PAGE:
The availability of a POLST form depends on the state. The majority of states have a POLST program, although it may have a different name, such as:

  • Physician Orders for Scope of Treatment (POST);
  • Medical Orders for Life-Sustaining Treatment (MOLST);
  • Transportable Physician Orders for Patient Preferences (TPOPP); or
  • A list of programs available by state can be found at the National POLST Paradigm.

What if My State does not have a POLST program?

If an individual’s state does not have a POLST program, they can consult with an attorney to assist them in creating the best document for their needs. An attorney can help an individual create a:

What is a Living Will?

A living will is a type of advanced medical directive. It outlines to what extent an individual wishes to receive life-sustaining medical treatment in the event that they become incapacitated or seriously ill as well as under what circumstances they would want the physicians in charge of their treatment to forgo providing additional life-sustaining treatments.

A living will, in general, goes into effect when the individual who created it becomes incapable of making important healthcare decisions on their own, usually if they become incapacitated or unconscious.

Other types of advanced medical directives, including healthcare proxies, appoint another individual to make a wider variety of medical decisions on the patient’s behalf, whereas the scope of a living will is typically more narrow in scope and only addresses end-of-life care. In order to ensure that the patient’s wishes are honored, healthcare providers or any other individuals who knowingly violate a living will may be subject to legal consequences.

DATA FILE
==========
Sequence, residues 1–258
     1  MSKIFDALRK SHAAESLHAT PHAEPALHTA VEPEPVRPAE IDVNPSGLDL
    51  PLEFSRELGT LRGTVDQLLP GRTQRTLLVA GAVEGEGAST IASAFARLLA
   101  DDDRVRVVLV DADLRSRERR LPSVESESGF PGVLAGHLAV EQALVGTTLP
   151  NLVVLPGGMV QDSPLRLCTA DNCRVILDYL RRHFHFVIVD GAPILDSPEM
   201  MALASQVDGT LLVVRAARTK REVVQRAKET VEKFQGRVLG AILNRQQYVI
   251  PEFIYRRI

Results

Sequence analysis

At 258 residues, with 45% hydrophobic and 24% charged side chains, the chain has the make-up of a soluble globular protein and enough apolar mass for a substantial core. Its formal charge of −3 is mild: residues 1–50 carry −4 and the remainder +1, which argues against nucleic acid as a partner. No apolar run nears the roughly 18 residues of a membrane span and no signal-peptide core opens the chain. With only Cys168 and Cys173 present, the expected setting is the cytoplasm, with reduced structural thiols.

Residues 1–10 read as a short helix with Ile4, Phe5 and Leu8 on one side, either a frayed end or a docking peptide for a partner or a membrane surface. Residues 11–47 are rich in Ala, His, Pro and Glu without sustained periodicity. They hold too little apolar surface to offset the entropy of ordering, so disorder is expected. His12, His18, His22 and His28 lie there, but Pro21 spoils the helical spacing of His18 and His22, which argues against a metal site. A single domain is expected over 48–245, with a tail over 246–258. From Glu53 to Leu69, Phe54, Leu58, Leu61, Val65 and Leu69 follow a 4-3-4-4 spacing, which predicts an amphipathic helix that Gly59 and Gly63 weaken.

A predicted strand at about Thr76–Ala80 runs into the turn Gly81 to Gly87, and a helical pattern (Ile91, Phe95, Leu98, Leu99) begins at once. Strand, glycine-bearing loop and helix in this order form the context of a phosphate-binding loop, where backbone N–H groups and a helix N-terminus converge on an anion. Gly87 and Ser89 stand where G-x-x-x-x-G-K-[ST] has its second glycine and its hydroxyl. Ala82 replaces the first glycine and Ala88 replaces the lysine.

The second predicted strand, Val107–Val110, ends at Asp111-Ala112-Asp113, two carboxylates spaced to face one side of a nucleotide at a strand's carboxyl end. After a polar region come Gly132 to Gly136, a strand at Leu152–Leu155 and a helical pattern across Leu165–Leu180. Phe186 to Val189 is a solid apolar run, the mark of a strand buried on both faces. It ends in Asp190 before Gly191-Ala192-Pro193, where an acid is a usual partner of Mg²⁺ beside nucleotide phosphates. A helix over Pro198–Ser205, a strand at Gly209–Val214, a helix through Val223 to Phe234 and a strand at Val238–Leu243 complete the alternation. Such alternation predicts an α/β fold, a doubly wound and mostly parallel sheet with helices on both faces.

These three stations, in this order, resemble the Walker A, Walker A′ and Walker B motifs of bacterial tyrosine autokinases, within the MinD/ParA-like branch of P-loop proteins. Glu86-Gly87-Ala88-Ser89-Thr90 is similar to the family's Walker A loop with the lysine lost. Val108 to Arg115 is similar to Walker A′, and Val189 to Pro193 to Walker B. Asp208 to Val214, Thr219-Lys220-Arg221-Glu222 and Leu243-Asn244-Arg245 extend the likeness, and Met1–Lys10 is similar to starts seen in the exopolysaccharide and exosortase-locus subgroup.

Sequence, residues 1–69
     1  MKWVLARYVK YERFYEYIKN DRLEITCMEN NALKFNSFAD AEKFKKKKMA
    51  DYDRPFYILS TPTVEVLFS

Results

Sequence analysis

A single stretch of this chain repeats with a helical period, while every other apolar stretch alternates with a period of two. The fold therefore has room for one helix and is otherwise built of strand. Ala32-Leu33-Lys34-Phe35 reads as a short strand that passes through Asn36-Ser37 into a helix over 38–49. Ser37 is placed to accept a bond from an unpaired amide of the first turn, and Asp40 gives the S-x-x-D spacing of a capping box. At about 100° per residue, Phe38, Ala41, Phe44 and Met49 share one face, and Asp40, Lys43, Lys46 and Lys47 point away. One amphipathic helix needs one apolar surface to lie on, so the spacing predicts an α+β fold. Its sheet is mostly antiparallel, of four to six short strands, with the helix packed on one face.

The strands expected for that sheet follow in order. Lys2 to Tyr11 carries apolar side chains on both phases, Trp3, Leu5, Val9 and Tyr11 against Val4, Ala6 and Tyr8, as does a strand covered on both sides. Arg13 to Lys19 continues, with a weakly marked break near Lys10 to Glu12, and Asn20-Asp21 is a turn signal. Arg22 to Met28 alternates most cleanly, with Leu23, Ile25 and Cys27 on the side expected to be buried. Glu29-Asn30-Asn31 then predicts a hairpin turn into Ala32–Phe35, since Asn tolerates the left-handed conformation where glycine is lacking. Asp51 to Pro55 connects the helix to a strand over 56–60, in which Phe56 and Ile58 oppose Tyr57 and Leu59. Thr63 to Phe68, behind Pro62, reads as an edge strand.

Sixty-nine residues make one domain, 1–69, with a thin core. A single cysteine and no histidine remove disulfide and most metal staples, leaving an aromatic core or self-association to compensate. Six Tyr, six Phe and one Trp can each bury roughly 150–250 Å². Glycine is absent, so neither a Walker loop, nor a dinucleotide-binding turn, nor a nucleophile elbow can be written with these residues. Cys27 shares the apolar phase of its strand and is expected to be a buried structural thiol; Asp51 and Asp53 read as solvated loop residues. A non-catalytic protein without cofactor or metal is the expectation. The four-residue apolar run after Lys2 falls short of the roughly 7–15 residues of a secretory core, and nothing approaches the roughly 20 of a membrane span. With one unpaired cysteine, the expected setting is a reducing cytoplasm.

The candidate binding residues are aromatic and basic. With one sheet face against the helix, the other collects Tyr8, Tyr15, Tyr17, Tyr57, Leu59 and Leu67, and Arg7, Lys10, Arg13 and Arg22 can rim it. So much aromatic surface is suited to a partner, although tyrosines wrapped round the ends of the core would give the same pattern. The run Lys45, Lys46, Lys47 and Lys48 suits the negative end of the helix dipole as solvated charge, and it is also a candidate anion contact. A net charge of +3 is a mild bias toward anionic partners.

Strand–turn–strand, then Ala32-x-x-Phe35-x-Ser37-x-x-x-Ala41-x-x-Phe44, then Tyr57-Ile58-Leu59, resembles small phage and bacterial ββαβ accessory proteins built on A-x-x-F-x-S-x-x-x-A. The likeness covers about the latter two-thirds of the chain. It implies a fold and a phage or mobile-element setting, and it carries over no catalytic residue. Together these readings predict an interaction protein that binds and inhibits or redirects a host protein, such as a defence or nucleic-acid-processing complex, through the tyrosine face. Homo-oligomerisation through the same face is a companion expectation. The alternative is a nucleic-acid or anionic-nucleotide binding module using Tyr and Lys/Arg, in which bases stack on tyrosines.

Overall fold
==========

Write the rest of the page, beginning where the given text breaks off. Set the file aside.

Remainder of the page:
A living will will not be effective, however, if the patient does not inform their physicians or loved ones that they have a living will. The patient should also provide these individuals with a copy of the document to ensure it is followed.

What is a Power of Attorney?

Power of attorney is a legal arrangement where one individual is legally authorized to make legally-binding decisions for another individual. In some situations, a power of attorney can arise automatically.

For example, parents, in general, have power of attorney over their minor children. In addition, married individuals have power of attorney over their spouse if their spouse becomes incapacitated.

In some cases, however, it makes sense to grant power of attorney when it would not arise automatically. For example, it may be necessary in cases where an individual becomes unable to make legally-binding decisions on their own.

What Does Durable Power of Attorney Mean?

There are numerous different types of power of attorney arrangements. A durable power of attorney is a specific type which grants the most extensive decision-making powers.

A durable power of attorney remains in effect even if the principal becomes incapacitated. In general, an individual is deemed to be incapacitated when they are unable to make their own decisions due to:

  • Illness;
  • Age; or
  • Injury.

Do I Need an Attorney to Create a POLST?

POLST forms are created between you and your healthcare team or physician. If, however, you have any questions regarding the document, its effectiveness, and its duration, it may be helpful to consult with an attorney.

If you have any questions or are unsure about the effect the POLST will have on your treatment, it may be helpful to consult with an attorney before formally signing the document. Your attorney can also help ensure that members of your healthcare team and your loved ones receive copies of your documents to ensure your wishes are honored.

In addition, if you want to create any other estate planning documents or documents that plan for your future medical treatment, it may be helpful to consult with an elder law attorney who can help you determine the best options for your situation.

Law Library Disclaimer


16 people have successfully posted their cases

Find a Lawyer